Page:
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Stocks fell last Friday as rising fears of a Russian invasion of Ukraine added to a spike in near-term inflation concerns and weaker consumer sentiment. U.S. National Security Advisor Jake Sullivan warned at a Friday afternoon White House briefing that a Russian invasion could take place during the Olympics, sending Treasury yields falling, oil prices popping and the S&P 500 falling below its 200-day moving average. The week’s volatility in the bond market started after hotter than expected inflation data, which scared investors and prompted St. Louis Fed President James Bullard to call for accelerating rate hikes. For the week, the Dow Jones average fell 1%, the S&P 500 shed 1.8% and the Nasdaq Composite retreated 2.2%.

Historically, wars have little long-term effect on market movements. Shock events, like the Russian invasion of Ukraine, average a 5% total drawdown in the S&P 500 with an average recovery time of 47 days. It is worth noting that the Pearl Harbor Bombing and 9/11 are included in this data set which skew the data towards larger drawdowns and longer recovery times. Investors should be eyeing inflation data and corporate earnings to determine a market judgement.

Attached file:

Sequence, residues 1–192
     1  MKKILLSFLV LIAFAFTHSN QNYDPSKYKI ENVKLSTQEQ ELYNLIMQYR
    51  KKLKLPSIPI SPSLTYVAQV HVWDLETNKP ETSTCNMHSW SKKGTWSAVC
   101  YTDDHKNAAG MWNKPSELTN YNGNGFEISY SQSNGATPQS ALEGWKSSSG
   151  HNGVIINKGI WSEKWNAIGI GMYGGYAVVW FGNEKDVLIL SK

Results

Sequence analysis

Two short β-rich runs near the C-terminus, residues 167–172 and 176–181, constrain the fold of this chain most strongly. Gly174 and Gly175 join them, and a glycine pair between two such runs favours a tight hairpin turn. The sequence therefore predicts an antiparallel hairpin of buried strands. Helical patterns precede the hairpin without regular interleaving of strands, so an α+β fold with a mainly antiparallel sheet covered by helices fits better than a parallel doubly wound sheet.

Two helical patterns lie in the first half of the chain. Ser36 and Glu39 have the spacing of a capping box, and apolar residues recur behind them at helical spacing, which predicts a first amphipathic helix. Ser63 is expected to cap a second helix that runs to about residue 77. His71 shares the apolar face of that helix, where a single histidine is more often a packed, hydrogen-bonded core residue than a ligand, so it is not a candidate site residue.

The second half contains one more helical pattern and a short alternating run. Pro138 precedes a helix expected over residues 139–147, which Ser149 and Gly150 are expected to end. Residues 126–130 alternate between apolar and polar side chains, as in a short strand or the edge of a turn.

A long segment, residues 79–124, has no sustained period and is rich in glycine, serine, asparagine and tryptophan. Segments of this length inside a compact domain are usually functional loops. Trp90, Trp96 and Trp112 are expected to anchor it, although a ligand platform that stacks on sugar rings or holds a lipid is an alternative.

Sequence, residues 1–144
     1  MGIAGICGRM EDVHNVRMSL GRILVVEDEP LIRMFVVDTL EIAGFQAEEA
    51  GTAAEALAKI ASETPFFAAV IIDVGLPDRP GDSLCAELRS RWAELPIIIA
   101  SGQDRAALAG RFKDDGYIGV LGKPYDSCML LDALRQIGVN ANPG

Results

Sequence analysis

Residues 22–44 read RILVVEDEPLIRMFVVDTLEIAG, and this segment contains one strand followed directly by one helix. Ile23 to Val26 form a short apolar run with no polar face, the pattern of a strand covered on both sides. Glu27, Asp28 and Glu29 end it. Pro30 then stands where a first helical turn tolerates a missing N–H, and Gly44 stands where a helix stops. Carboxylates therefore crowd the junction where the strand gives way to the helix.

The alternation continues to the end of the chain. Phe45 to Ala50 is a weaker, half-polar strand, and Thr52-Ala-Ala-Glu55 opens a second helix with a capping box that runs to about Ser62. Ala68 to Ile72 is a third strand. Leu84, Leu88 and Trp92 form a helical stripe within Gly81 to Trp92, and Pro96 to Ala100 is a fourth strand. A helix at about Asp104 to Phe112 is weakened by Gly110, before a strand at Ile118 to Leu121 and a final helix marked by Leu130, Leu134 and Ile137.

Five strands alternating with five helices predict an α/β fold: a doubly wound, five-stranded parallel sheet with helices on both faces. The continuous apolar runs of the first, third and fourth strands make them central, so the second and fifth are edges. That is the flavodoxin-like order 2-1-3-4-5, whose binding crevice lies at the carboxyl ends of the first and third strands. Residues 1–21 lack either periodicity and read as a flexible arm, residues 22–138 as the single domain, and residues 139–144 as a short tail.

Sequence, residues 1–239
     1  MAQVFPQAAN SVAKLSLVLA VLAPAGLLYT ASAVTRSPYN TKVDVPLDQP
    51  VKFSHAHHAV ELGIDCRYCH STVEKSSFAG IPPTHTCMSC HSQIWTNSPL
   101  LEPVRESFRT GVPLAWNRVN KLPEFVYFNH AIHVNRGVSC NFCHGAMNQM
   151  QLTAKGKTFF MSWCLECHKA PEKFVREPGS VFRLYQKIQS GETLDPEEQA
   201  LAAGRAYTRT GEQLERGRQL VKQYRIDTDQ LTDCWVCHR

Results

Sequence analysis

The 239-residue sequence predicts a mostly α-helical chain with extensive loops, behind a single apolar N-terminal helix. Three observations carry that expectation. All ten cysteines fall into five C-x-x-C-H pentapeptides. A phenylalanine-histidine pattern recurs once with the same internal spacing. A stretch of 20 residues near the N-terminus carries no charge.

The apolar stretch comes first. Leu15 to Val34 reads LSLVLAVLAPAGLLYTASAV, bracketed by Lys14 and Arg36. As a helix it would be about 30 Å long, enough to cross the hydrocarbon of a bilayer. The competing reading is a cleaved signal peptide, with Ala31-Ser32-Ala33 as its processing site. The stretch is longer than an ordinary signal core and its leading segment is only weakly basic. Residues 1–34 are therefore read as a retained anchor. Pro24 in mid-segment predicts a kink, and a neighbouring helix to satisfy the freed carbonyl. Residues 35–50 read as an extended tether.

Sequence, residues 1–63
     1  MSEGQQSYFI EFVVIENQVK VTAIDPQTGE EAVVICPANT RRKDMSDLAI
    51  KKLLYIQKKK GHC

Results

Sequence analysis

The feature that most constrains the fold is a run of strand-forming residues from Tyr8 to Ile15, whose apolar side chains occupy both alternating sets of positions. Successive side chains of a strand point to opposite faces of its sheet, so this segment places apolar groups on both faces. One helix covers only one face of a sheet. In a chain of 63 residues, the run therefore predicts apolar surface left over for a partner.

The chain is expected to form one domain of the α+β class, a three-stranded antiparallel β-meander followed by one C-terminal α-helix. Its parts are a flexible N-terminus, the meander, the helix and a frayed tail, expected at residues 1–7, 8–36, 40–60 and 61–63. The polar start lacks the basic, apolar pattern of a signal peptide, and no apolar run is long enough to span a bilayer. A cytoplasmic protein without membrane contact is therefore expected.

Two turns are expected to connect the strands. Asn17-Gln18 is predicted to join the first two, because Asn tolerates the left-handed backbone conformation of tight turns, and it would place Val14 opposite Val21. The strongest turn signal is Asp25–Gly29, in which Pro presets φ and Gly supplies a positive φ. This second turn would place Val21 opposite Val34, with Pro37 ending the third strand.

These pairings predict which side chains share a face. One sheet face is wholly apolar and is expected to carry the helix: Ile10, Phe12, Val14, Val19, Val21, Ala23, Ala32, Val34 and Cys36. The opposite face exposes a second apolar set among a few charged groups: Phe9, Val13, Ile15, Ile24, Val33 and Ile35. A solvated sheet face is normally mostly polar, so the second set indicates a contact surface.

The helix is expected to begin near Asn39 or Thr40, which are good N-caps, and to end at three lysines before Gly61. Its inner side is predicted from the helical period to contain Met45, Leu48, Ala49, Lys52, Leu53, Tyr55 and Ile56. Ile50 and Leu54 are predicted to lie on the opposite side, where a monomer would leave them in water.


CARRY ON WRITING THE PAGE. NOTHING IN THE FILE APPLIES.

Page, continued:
The economic calendar this week features updates on producer prices, retail sales, housing starts and existing home sales. Chicago Federal Reserve Bank President Charles Evans, New York Federal Reserve Bank President John Williams, St. Louis Federal Reserve Bank President James Bullard, and Cleveland Federal Reserve Bank President Loretta Mester will all be giving speeches this week.